Microsoft has reminded commercial customers using older versions of Outlook that they have just two months to upgrade before they’re cut off from the company’s Microsoft 365 and Office 365 services.
“After November 1, 2021, only Outlook 2013 Service Pack 1 (with latest fixes) and later will be able to connect to Microsoft 365 services,” the firm said in an unsigned Aug. 27 post to a company blog.
Last year, Microsoft dropped support for older versions of Office connecting to its online services, such as Exchange Online, as of Oct. 13, 2020. Affected editions of Office included Office 2007, which was already out of all support; Office 2010, which was to exit support on that same Oct. 13 date; and Office 2013, which was to receive support until April 2023. The support-on-services shutdown had been in the works since 2017.
At the time, Microsoft had been surprisingly gracious, saying that while support would officially end, that didn’t necessarily mean the end of connectivity. “We won’t take any active measures to block other versions of the Office client, such as Office 2013, from connecting to Office 365 services, but these older clients may encounter performance or reliability issues over time,” the developer said then.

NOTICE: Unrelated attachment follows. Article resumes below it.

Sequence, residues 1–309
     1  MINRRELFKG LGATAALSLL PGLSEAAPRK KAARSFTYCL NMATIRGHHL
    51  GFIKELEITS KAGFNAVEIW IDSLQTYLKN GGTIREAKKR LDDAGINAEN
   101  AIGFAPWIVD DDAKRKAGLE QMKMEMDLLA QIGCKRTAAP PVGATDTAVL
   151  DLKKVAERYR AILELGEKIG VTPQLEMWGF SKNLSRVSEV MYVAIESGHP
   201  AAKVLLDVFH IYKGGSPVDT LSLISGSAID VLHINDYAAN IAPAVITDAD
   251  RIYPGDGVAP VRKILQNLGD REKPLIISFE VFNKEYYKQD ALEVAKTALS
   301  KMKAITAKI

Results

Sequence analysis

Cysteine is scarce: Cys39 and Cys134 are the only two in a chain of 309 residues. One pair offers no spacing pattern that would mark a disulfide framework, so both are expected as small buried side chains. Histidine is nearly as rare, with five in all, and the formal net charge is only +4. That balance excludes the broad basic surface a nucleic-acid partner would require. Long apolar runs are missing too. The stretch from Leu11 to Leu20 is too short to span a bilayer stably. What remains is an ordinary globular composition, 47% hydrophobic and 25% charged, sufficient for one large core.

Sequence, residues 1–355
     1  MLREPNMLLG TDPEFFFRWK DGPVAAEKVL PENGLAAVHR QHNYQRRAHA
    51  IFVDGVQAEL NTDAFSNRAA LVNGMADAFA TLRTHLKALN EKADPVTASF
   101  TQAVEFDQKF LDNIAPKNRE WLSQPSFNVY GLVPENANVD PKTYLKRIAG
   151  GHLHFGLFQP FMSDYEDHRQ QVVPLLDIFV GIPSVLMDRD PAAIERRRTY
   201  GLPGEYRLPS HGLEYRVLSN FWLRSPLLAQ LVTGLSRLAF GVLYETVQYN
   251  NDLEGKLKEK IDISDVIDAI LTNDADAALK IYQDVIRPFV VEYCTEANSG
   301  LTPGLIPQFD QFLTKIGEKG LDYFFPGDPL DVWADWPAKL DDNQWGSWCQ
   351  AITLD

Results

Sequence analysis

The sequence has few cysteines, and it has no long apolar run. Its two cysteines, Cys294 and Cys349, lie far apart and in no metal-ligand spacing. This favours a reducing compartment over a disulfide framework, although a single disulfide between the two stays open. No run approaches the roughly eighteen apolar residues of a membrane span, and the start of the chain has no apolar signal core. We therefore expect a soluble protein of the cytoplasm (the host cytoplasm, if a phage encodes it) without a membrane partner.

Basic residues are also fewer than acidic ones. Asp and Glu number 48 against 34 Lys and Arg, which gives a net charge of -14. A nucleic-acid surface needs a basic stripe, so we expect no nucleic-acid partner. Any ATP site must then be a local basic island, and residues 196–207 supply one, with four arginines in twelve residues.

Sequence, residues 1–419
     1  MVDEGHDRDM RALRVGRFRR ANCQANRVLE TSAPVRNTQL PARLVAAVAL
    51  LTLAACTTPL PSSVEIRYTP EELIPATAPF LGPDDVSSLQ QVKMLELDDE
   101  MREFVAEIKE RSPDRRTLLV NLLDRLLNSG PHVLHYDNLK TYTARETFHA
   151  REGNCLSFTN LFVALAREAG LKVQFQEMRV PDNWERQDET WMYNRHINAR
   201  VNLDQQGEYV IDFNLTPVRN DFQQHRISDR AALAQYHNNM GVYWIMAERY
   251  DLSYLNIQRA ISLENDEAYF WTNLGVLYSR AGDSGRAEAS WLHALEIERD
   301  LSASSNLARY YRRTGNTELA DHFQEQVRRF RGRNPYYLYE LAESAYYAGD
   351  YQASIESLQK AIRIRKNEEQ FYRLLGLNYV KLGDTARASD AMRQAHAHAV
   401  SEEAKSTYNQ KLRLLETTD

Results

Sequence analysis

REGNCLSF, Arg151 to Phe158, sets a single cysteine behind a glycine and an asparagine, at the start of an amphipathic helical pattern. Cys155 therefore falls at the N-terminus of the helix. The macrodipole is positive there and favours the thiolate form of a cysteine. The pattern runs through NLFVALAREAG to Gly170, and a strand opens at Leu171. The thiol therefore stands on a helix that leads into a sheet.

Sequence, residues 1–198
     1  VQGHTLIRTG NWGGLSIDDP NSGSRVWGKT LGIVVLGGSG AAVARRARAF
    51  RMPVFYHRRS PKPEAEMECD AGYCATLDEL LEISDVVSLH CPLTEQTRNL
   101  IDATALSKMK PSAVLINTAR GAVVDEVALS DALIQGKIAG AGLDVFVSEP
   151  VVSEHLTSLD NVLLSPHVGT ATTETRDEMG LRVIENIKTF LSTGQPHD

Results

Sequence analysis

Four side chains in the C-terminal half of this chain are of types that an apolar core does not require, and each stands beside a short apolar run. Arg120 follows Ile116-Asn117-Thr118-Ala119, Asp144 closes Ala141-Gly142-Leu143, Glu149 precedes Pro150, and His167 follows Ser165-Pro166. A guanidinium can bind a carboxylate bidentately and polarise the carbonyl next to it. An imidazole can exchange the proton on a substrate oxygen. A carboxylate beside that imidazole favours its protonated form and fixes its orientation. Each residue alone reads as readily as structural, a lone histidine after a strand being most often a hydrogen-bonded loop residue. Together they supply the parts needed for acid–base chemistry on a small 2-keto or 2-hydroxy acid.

That is what’s different now. The Nov. 1 deadline really will cut older Outlook clients from Microsoft’s services. Microsoft explained that the older Outlook 2007 and Outlook 2010 clients will be incompatible with two upcoming changes to services, including an end to support for Basic Authentication — essentially, the long-standard username + password combination — that was postponed in February 2021.
Microsoft did not say when it would drop Basic Auth support, however.
For those who haven’t yet dispensed with the old Outlook clients, Microsoft recommended — as it has confidently — that they switch to the subscription model of Office 365 or Microsoft 365, which provides always-up-to-date client software.